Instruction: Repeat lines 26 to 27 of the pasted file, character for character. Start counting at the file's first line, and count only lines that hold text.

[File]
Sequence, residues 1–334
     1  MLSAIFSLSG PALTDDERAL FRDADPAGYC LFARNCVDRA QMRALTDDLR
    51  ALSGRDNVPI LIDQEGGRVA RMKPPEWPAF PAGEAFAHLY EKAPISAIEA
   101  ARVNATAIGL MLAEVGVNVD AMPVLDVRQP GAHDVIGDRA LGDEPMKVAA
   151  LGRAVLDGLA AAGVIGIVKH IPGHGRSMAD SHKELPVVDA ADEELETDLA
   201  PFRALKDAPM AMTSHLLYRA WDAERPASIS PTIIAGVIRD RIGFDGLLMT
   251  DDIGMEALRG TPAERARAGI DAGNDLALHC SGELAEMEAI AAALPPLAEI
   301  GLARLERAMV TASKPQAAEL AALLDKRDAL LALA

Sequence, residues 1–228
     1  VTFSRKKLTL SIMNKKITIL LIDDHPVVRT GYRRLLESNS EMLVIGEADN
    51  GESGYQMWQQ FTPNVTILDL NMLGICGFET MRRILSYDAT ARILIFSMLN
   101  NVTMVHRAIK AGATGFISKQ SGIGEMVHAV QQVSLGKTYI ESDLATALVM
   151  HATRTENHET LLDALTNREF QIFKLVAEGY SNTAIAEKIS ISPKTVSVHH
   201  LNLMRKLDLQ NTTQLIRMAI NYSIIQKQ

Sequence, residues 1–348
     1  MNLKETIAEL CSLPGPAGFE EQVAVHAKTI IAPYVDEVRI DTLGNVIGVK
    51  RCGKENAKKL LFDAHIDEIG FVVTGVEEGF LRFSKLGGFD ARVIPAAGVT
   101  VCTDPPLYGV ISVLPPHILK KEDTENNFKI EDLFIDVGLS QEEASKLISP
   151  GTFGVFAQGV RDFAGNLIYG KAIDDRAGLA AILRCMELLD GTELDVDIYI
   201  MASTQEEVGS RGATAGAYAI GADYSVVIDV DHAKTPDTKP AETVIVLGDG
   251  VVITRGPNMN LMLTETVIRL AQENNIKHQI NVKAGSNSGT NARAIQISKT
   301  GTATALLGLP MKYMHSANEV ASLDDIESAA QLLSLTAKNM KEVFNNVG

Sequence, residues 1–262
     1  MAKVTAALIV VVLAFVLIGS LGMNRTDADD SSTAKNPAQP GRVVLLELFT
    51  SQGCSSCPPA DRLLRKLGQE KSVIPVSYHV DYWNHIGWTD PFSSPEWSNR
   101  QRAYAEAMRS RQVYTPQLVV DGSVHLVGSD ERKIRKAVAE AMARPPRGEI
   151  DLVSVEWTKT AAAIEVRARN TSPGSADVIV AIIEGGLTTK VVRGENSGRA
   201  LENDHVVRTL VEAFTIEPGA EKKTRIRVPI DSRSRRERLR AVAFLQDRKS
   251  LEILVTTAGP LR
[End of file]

   101  QRAYAEAMRS RQVYTPQLVV DGSVHLVGSD ERKIRKAVAE AMARPPRGEI
   151  DLVSVEWTKT AAAIEVRARN TSPGSADVIV AIIEGGLTTK VVRGENSGRA